One question of interest to business decision makers is how
common it is for citizens of different countries to use social
networking and whether they have it available to them.

2.3 Exploring Two Categorical Variables: Contingency Tables

Example: Pew Research
But if we want to target our online customer relations with social
networks differently in different countries, wouldn’t it be more
interesting to know how social networking use varies from country
to country?

2.3 Exploring Two Categorical Variables: Contingency Tables

Conditional Distributions

Variables may be restricted to show the distribution for just those
cases that satisfy a specified condition. This is called a conditional
distribution.

The more interesting questions are contingent on something.

We’d like to know, for example, whether these countries are
similar in use and availability of social networking.

2.3 Exploring Two Categorical Variables: Contingency Tables

Conditional Distributions

The conditional distribution of Social Networking conditioned on
two values of Country. This table shows column percentages.

2.3 Exploring Two Categorical Variables: Contingency Tables

Conditional Distributions

Variables can be related in many ways, so it is typically easier to
ask if they are not related.

In a contingency table, when the distribution of one variable is the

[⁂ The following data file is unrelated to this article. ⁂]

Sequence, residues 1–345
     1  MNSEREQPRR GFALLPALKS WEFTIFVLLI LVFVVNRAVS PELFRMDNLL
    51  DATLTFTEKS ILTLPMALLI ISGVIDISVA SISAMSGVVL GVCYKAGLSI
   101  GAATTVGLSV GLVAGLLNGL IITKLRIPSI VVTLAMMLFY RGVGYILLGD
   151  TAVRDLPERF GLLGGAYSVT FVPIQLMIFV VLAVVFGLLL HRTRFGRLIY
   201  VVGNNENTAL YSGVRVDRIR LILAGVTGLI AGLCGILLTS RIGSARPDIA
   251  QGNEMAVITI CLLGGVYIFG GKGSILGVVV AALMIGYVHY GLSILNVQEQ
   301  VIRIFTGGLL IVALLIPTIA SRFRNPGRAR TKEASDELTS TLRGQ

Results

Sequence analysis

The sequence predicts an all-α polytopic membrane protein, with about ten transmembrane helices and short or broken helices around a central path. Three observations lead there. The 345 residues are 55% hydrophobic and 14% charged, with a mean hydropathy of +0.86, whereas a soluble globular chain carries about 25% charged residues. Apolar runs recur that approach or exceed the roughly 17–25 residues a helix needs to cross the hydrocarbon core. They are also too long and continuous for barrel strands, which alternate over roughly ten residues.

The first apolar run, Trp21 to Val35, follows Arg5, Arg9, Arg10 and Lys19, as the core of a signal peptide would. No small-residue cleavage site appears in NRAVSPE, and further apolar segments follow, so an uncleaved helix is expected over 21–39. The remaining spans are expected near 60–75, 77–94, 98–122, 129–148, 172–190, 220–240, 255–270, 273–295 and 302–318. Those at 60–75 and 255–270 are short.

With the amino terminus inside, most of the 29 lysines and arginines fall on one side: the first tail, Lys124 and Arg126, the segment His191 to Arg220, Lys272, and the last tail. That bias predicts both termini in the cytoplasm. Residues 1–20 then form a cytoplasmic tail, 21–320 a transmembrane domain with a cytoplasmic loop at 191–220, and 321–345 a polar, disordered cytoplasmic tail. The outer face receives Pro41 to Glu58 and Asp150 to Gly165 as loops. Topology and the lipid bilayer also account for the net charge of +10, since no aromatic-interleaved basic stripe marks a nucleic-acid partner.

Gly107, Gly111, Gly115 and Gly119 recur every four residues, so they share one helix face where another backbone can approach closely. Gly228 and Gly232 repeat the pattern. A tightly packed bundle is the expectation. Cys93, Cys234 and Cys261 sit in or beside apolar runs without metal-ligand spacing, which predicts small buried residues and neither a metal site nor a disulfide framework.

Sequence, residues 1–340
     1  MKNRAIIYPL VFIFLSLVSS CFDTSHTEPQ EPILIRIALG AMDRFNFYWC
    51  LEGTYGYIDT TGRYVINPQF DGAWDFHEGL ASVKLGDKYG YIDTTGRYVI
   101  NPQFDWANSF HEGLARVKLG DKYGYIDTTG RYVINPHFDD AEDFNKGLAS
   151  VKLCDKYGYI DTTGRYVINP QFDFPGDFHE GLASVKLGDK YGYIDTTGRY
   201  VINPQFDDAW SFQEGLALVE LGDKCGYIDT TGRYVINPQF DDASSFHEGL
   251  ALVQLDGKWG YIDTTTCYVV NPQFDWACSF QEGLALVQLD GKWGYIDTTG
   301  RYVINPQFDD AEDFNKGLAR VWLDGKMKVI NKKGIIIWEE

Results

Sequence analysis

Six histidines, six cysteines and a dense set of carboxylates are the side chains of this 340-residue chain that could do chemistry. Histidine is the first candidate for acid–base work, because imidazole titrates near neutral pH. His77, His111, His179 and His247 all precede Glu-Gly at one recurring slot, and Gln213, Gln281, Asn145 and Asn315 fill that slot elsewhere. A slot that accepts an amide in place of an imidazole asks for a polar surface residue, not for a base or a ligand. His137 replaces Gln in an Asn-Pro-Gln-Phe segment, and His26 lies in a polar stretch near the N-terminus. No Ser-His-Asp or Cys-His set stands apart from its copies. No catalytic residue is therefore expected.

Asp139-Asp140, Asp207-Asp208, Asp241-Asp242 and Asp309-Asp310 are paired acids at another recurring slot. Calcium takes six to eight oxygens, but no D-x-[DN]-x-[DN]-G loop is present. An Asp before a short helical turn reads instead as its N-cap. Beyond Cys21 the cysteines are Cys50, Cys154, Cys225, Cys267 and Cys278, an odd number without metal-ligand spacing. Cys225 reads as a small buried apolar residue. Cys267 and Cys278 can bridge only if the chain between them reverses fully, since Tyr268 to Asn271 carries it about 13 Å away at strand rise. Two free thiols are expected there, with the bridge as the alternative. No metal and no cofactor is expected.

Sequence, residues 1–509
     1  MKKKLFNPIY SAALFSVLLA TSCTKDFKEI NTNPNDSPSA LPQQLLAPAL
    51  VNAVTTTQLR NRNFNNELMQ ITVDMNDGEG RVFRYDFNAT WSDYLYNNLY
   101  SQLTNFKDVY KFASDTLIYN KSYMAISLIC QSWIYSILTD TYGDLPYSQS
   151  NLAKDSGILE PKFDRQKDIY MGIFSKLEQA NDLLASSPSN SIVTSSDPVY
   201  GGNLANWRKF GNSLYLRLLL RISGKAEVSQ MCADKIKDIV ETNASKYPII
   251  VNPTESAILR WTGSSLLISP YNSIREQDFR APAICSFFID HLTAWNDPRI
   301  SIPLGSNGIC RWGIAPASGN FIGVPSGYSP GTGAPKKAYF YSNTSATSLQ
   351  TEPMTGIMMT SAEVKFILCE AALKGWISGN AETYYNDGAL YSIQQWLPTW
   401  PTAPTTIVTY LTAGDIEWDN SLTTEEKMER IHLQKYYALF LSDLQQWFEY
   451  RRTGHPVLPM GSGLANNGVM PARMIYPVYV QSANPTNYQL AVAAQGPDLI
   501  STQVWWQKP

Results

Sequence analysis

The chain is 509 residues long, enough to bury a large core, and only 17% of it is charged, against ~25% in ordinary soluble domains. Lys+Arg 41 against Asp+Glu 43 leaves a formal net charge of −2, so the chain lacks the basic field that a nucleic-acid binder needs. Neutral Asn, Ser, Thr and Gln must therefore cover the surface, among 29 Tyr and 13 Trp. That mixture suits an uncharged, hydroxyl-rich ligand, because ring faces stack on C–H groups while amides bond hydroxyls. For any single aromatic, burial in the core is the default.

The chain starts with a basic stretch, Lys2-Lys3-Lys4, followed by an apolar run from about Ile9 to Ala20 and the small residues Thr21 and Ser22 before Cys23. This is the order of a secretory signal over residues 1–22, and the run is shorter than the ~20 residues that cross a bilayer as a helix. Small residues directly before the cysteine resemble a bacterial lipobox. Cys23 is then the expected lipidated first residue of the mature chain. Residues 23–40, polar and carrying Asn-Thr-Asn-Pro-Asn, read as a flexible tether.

same for all categories of another variable, we say that the
variables are independent.

This tells us there is no association between these variables.

2.3 Exploring Two Categorical Variables: Contingency Tables

Example: Super Bowl
Here is a contingency table of the responses for 1008 adult U.S. respondents
to the question about watching the Super Bowl discussed previously:

Does it seem that there is an association between what viewers are
interested in watching and their sex?
2.3 Exploring Two Categorical Variables: Contingency Tables

Example: Super Bowl
First, find the conditional distributions of the four responses for each sex:

2.3 Exploring Two Categorical Variables: Contingency Tables

Example: Super
Bowl
Next, display the two
distributions with side-by-
side bar charts:

Based on this poll, there
appears to be an
association between the
viewer’s sex and what the
viewer is most looking
forward to.

2.4 Segmented Bar Charts and Mosaic Plots

To further visualize conditional distributions, we can
create segmented bar charts and mosaic plots.

A segmented bar chart treats each bar as the “whole” and
divides it proportionally into segments corresponding to
the percentage in each group.

A variant of the segmented bar chart, a mosaic plot, looks
like a segmented bar chart, but obeys the area principle
better by making the bars proportional to the sizes of the
groups.

2.4 Segmented Bar Charts and Mosaic Plots

Everyone knows what happened in the North Atlantic on
the night of April 14, 1912
The Titanic sank, leaving almost 1500 passengers
and crew members on board to meet their icy fate. Here
is a contingency table of the 2201 people on board:

2.4 Segmented Bar Charts and Mosaic Plots

Here is a side-by-side bar chart showing the conditional
distribution of Survival for each category of ticket Class:

2.4 Segmented Bar Charts and Mosaic Plots

Here is a segmented
bar(or Stacked Bar) chart.
We can clearly see that
the distributions of ticket
Class are different,
indicating again that
survival was not
independent of ticket
class:

2.4 Segmented Bar Charts and Mosaic Plots

Finally, here is a mosaic
plot for Class by Survival.

Also called a
Heat Map

Combining percentages across very different values or groups
can give confu...